There’s no denying that stone flooring sure looks stately. From quaint old ski lodges to modern mansions, its high-end aesthetic is coveted in a variety of architectural styles, so it’s no wonder you want its decorative potential for your home.
However, there are quite a few facets of this flooring that can make it simply impossible for your home and family—but no need to fret. Vinyl flooring can render nearly any space fashionable in faux-stone! We discuss its potential and superiority to real stone flooring below.
Nobody likes to step out of the shower to frozen feet, or to be greeted with a toe-curling chill when they wander into the bathroom first thing in the morning. This is exactly the kind of iciness you’ll get when you install real stone flooring—the phrase “stone-cold” didn’t become commonplace for nothing.
Sure, you can use rugs, but why cover up your flooring when you don’t have to? Waterproof flooring like vinyl tends to be more than a smidgen warmer on the feet, meaning that it makes your morning get-ready space all the more comfortable.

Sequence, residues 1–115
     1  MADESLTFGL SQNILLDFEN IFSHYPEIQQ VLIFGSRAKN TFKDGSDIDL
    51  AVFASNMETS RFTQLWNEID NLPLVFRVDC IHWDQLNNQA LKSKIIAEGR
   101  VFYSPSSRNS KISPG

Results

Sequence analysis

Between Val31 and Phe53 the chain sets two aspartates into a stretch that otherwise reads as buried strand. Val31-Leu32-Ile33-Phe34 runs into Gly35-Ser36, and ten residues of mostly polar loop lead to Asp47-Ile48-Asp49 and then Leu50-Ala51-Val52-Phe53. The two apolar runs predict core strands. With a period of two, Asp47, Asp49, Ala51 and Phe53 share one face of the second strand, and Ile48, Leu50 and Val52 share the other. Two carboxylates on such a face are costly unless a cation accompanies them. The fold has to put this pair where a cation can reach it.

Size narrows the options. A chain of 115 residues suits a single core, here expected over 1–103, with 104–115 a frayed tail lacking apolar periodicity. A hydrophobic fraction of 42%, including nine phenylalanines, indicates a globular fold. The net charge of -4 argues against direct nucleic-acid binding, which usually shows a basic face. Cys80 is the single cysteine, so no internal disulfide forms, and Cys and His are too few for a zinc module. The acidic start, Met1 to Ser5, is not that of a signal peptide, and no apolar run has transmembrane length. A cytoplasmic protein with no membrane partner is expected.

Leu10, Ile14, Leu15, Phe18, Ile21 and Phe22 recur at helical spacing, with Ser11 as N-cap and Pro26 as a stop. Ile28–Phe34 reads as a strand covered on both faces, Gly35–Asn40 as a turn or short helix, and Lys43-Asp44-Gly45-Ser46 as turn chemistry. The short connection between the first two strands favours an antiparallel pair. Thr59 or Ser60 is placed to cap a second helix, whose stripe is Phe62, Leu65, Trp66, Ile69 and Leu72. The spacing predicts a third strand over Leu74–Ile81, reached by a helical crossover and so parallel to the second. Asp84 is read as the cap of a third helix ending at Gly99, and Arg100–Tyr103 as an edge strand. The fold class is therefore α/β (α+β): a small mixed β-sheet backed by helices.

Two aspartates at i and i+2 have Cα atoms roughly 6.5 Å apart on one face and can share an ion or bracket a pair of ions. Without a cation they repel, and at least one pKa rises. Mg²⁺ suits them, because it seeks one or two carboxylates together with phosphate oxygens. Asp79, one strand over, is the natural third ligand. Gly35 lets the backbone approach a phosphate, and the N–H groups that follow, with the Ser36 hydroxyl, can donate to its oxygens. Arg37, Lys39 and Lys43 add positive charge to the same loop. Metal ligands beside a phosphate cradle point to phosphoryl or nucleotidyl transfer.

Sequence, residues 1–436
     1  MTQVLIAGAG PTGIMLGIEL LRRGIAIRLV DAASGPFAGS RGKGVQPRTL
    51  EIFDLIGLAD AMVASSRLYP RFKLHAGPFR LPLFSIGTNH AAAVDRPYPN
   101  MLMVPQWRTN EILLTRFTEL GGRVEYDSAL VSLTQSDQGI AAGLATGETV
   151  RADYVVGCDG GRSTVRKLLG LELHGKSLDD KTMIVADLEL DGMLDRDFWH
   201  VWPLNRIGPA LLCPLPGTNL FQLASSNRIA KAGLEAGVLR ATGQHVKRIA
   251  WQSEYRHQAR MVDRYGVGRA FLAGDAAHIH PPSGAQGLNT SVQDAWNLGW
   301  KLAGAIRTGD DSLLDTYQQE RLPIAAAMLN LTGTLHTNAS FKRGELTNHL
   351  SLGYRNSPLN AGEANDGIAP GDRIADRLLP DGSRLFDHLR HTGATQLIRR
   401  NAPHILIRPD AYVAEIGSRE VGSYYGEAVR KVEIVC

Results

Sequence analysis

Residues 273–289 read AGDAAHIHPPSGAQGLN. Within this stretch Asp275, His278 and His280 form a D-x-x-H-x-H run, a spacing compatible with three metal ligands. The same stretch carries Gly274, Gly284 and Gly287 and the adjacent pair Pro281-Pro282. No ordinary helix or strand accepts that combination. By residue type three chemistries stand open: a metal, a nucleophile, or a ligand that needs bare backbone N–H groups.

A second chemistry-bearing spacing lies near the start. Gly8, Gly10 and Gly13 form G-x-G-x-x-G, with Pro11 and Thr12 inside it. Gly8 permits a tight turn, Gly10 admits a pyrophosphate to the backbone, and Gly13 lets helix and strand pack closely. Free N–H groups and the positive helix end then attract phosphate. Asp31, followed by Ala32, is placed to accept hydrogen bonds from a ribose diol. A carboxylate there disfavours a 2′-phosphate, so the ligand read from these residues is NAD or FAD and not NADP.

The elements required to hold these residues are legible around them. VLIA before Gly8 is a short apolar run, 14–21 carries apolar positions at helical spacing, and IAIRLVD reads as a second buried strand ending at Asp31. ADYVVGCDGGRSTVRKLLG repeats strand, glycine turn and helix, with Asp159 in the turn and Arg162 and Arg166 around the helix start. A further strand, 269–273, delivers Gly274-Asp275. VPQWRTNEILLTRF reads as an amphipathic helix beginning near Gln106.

Unless you’re fastidious when you cook, a mess or two is bound to happen in the kitchen. While both stone and vinyl plank flooring can wipe up easily, vinyl is hands down the better thing to have under your feet. Because it lacks the characteristic pockmarks and nooks of some stone flooring types, a simple swipe with a rag is all you need to wipe up stains. No scrubbing required!
Plus, stone is something called porous. This means it’s filled with tiny holes. While the degree of this varies depending on the type of stone used and the sealant, it means that stone can harbor remnants of food messes long after you’ve wiped it up, causing it to stain, or even worse, grow mold. Vinyl has no such porosity and, thus, is much easier to keep tidy long-term.
Basements tend to struggle with humidity issues thanks to poor ventilation and their location belowground. This makes them a poor spot for stone flooring since, again, water can seep into the flooring itself and cause mold growth. Vinyl tile flooring, on the other hand, is completely waterproof, so it can stand up to anything your humidity-happy basement throws at it.